Interlocutory Appeal Dismissed Where Certified Issues Were Not in Dispute

Where the issues certified for interlocutory appeal (under Ala. R. App. P. 5) proved not to be in dispute, the Alabama Supreme Court decided that permission to appeal had been improvidently granted. Carfax, Inc. v. Browning, No. 1050291 (Ala. Sept. 21, 2007). The Court thus dismissed the appeal.

The parties entered into a contract over the Internet. Their agreement contained a forum selection clause under which lawsuits related to the contract could be filed only in Virginia. The defendant invoked this clause and moved the circuit court to dismiss the suit. The court refused. It found the contract valid and enforceable but ruled that litigating in Virginia would be “so gravely difficult and inconvenient” for the plaintiff that it would effectively deny the plaintiff his day in court. The circuit court certified the case for permissive interlocutory appeal, identifying the following issues for review:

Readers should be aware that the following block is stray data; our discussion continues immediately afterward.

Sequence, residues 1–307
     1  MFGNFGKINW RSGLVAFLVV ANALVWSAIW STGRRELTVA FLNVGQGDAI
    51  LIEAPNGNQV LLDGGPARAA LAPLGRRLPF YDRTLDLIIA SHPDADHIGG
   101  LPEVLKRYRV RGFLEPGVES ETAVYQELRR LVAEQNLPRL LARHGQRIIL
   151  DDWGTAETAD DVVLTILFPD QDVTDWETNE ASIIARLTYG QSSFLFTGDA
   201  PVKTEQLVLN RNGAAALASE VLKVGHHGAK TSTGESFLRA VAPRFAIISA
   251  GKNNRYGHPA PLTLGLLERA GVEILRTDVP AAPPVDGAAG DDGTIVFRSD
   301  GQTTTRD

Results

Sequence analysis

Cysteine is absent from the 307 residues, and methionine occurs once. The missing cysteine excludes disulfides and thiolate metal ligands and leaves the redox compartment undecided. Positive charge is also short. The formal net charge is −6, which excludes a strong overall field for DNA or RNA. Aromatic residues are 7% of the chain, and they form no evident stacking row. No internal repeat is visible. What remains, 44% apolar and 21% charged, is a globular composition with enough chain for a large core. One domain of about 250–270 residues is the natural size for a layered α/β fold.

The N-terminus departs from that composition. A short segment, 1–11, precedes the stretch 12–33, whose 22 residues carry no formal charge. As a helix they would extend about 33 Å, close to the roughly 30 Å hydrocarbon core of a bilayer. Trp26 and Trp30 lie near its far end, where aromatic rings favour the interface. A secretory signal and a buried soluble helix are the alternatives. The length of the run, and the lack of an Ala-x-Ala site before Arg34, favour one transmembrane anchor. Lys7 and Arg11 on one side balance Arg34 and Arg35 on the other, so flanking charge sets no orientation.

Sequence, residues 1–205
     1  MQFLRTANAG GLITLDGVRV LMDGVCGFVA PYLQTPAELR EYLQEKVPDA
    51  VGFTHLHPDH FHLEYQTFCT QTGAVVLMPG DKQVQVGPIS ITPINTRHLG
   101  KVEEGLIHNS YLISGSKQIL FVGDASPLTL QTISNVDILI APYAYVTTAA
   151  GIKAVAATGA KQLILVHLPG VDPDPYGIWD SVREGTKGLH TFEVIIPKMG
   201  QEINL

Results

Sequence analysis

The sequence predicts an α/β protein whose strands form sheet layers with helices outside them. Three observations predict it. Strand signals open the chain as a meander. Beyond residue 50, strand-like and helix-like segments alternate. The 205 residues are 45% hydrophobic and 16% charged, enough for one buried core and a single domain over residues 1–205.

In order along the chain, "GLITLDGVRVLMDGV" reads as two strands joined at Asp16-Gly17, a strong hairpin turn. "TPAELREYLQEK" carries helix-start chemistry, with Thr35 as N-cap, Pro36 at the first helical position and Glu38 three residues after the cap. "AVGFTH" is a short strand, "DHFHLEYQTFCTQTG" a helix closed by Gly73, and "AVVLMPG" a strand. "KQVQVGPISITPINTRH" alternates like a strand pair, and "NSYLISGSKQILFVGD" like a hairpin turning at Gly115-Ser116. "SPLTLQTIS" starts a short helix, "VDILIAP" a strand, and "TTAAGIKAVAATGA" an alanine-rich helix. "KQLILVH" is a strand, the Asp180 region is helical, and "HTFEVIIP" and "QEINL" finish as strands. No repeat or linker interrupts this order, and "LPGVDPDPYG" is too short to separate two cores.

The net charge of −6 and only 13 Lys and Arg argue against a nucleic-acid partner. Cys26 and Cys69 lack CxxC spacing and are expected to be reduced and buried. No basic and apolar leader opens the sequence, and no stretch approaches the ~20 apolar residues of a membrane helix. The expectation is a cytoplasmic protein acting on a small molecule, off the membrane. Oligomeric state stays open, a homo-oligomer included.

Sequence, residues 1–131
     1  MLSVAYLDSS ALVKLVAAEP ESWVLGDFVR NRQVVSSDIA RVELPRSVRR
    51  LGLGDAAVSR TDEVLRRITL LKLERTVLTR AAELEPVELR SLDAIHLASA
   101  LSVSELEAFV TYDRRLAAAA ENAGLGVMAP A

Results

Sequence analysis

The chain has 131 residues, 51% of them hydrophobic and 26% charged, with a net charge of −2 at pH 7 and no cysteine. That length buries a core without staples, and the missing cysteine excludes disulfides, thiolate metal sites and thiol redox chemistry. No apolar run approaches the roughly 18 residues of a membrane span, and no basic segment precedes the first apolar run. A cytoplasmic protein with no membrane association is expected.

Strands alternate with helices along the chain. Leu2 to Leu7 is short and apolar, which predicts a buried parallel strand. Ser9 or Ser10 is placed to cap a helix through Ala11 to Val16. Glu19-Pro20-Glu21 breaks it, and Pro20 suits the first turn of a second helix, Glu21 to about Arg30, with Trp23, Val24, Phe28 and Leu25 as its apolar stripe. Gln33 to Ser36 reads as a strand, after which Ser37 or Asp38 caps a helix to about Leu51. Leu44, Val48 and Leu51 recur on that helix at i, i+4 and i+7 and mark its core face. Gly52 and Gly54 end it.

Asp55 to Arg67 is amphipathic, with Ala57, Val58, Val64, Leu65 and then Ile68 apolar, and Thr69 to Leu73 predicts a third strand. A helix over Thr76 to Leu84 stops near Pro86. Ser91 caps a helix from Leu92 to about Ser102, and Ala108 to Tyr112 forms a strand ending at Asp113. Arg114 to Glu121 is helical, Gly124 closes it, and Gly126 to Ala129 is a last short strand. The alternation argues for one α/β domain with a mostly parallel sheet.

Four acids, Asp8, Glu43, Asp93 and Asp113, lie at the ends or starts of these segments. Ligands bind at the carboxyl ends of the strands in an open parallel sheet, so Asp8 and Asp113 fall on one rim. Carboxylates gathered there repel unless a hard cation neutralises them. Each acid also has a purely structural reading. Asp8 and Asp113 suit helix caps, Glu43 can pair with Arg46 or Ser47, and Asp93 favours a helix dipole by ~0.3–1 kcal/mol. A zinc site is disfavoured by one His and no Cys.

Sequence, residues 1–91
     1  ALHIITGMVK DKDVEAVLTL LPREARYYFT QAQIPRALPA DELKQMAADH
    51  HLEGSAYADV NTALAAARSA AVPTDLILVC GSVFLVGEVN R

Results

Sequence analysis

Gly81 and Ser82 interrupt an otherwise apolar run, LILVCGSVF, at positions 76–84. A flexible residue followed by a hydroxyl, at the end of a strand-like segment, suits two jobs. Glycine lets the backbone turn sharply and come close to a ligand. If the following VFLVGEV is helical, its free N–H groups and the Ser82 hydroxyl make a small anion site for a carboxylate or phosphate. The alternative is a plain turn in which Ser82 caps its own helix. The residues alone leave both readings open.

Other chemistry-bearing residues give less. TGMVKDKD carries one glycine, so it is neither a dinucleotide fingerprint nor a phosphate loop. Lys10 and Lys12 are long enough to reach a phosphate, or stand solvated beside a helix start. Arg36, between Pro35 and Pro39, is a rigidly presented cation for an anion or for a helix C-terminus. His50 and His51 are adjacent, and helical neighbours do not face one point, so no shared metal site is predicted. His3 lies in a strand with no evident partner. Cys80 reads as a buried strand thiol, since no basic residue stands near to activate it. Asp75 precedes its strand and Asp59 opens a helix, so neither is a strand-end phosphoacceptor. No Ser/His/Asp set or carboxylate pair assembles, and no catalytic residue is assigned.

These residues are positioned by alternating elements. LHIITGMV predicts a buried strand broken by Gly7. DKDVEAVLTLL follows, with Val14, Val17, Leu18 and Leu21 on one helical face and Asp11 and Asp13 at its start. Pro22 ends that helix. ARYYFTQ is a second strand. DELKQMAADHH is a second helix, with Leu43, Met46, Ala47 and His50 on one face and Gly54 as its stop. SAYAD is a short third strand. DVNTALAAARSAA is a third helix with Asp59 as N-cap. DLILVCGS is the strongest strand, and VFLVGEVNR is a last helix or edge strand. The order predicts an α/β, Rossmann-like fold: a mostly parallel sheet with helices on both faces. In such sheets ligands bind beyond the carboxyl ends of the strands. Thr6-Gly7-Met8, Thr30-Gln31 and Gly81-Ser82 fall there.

1. Is a forum selection clause in a contract created on the Internet enforceable?
  2. Does “mere inconvenience or impracticability” make a forum selection clause unenforceable?

The Supreme Court of Alabama granted the petition for leave to appeal. “After reviewing the record . . . and the briefs,” however, the court changed its mind. Neither of the issues certified for appeal constituted a “controlling question of law.” Neither was even contested. “The first issue — the enforceability of contracts formed on the Internet — [was] not in dispute.” The plaintiff conceded that Internet-based contracts are as enforceable as any other. The circuit court, too, had expressly found the contract valid.

Similarly, on the second issue, neither party argued that “mere inconvenience or impracticability” could squelch a forum selection clause. The parties and the trial court all recognized the correct principle: that such clauses could be negated only where trial in the contractually chosen forum would be “gravely” or “seriously inconvenient.” The only issue, then, was whether the circuit court had correctly applied that standard. But this last issue was not before the court. The court consequently dismissed the appeal.